Business Licenses and Trademarks

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Starting a small business can seem daunting. There are so many numbers to crunch and so many demands to meet. There are also the legal aspects - and unless you’re a lawyer or have access to one, it can be tricky to make sense of it all.

One of the most common questions we get is how to make it “official.” Do you need to register somewhere or need a license? Is a trademark essential? Let’s talk about it.

Business license

First of all, congrats on starting your small business! The first step is registering the name in your state with a business license. It protects you from others creating a business with the same name as yours, or something extremely similar. 

Many states have an online search function to check if a business name is already registered. For example, this is Washington’s Business License Lookup. Keep in mind, registering your business only protects the name in your state. The process of getting a license varies widely from state to state, and each one has different rules and guidelines. To learn more about the permits you need, check out the US Small Business Administration website.

When applying for a license, you need to choose what type of business to register. The Small Business Administration has an overview about the different types of business structures here. A sole proprietorship is the most common type. It’s “an unincorporated business owned and run by one individual with no distinction between the business and you, the owner. You are entitled to all profits and are responsible for all your business’s debts, losses, and liabilities.” Amanda of Lovin’ Soap wrote a great article that dives a little bit deeper into two popular structures for new businesses.

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One of the largest benefits of getting a license, besides making you legal, is it shows you are serious about your business. Customers may feel more confident in buying products from a licensed business, and potential partners may be more likely to work with you. It also gives you a certain amount of protection and it’s important for tax purposes.

Another piece of making your business “official” is quickly grabbing your website domain. We also recommend creating accounts on various social media channels like Instagram and Facebook. You want ownership of your business name online, even if you don’t plan to create a website or post on social media right now.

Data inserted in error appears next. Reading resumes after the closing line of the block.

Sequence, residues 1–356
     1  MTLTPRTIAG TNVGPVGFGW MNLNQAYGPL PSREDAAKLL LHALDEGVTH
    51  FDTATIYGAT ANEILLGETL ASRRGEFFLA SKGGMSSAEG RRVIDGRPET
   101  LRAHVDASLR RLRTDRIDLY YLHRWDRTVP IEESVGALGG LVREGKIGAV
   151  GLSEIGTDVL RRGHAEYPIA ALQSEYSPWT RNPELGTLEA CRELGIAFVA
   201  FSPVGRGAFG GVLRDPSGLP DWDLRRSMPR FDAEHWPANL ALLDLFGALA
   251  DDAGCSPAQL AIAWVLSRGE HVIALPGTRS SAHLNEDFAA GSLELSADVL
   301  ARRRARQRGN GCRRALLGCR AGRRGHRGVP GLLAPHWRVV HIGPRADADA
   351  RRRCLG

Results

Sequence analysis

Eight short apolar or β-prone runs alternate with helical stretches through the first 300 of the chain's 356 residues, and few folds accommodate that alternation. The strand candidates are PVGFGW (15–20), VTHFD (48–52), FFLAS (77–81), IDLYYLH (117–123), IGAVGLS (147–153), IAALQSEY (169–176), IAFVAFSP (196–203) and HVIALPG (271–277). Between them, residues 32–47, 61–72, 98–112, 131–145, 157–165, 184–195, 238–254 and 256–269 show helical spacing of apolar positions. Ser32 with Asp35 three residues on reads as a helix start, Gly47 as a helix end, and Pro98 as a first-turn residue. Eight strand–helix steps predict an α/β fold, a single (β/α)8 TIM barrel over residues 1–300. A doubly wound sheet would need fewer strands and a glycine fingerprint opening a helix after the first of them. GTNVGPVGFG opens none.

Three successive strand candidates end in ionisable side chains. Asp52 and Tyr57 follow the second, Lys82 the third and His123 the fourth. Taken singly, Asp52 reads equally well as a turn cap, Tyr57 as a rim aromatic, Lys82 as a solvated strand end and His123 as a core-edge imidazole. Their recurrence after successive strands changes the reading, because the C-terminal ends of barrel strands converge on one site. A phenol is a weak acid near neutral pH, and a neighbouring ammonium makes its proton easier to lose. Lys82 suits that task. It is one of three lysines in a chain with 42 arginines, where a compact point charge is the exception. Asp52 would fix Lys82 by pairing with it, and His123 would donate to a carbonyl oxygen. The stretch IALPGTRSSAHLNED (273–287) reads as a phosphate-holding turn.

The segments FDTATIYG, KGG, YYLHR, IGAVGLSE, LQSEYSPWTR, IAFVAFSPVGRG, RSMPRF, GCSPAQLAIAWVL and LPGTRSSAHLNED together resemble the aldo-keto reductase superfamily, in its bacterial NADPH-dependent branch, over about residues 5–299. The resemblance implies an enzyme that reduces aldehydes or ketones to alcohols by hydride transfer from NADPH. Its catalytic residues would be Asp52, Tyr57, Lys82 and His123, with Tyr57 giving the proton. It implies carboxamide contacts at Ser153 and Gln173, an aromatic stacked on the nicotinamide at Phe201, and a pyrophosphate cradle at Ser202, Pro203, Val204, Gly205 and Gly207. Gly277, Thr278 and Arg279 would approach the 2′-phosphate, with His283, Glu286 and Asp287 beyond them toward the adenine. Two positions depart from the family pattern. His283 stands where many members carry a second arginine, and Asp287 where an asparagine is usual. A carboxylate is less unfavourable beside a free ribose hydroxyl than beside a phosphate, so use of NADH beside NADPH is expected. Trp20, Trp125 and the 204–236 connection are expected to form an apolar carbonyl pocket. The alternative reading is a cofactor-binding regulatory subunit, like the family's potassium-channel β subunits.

After you have a business license, the next level of legal protection is a trademark from the US Patent and Trademark Office. It protects a word, symbol, or phrase on a federal level.

A trademark is not essential for owning and operating a business. Whether you get one depends on the level of protection you desire. Some small business names are sufficiently protected at the state level. But if you want exclusive rights for the name of your business or product in all 50 states, you need to apply for a trademark. 

While the process of registering your business name on a state level is usually fairly easy, registering for a trademark is trickier. It can take a long time and it can also be expensive. The process can be done online via the Trademark Electronic Application System (TEAS). Get a breakdown of that process here. In general, it usually takes about a year. It’s then good for 10 years, with the opportunity to renew after that.

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Although it’s not required, many applicants choose to hire a trademark attorney to guide them through the application process. We recommend Andrea Evans because she understands soap and small business.

When Bramble Berry CEO and Founder Anne-Marie first applied for a trademark, she went the DIY route to save fees on lawyers. She did her own paperwork, but she did it incorrectly. Her first application was denied. 

“Afterwards I hired a lawyer, but it took more work and money to untangle the mess I had made,” Anne-Marie said. “I definitely learned my lesson - DIY isn’t always the best route to take when it comes to legal processes.”

So, which is right for you? It’s a question only you can answer. It will depend on how “serious” your business is, your plans for the future, and how protected you want your business to be. Make sure to do your research and speak with experts before you decide!

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